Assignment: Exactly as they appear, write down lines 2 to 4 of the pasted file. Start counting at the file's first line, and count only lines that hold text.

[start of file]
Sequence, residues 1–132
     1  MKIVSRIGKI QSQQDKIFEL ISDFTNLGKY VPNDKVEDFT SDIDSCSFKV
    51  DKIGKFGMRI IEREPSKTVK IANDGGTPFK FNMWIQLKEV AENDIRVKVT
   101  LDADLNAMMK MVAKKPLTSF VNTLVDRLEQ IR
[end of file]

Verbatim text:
     1  MKIVSRIGKI QSQQDKIFEL ISDFTNLGKY VPNDKVEDFT SDIDSCSFKV
    51  DKIGKFGMRI IEREPSKTVK IANDGGTPFK FNMWIQLKEV AENDIRVKVT
   101  LDADLNAMMK MVAKKPLTSF VNTLVDRLEQ IR